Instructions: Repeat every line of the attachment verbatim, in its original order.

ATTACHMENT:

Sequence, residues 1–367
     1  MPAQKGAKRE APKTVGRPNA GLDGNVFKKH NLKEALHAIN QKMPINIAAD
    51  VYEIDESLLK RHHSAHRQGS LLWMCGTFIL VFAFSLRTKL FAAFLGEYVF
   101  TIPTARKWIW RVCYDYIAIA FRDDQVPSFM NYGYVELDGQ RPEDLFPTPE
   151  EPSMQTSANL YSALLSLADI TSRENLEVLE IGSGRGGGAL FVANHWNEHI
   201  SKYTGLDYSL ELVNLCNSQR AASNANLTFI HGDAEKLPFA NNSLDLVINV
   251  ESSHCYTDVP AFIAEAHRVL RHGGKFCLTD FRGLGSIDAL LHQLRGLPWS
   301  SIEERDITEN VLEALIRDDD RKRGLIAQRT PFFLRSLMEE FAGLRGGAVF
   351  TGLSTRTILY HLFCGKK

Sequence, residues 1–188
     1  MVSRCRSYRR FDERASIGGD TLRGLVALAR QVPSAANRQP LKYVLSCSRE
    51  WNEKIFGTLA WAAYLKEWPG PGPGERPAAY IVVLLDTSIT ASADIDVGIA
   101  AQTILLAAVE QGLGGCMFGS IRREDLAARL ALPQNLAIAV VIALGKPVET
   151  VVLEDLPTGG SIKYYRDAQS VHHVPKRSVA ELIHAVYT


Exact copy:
Sequence, residues 1–367
     1  MPAQKGAKRE APKTVGRPNA GLDGNVFKKH NLKEALHAIN QKMPINIAAD
    51  VYEIDESLLK RHHSAHRQGS LLWMCGTFIL VFAFSLRTKL FAAFLGEYVF
   101  TIPTARKWIW RVCYDYIAIA FRDDQVPSFM NYGYVELDGQ RPEDLFPTPE
   151  EPSMQTSANL YSALLSLADI TSRENLEVLE IGSGRGGGAL FVANHWNEHI
   201  SKYTGLDYSL ELVNLCNSQR AASNANLTFI HGDAEKLPFA NNSLDLVINV
   251  ESSHCYTDVP AFIAEAHRVL RHGGKFCLTD FRGLGSIDAL LHQLRGLPWS
   301  SIEERDITEN VLEALIRDDD RKRGLIAQRT PFFLRSLMEE FAGLRGGAVF
   351  TGLSTRTILY HLFCGKK

Sequence, residues 1–188
     1  MVSRCRSYRR FDERASIGGD TLRGLVALAR QVPSAANRQP LKYVLSCSRE
    51  WNEKIFGTLA WAAYLKEWPG PGPGERPAAY IVVLLDTSIT ASADIDVGIA
   101  AQTILLAAVE QGLGGCMFGS IRREDLAARL ALPQNLAIAV VIALGKPVET
   151  VVLEDLPTGG SIKYYRDAQS VHHVPKRSVA ELIHAVYT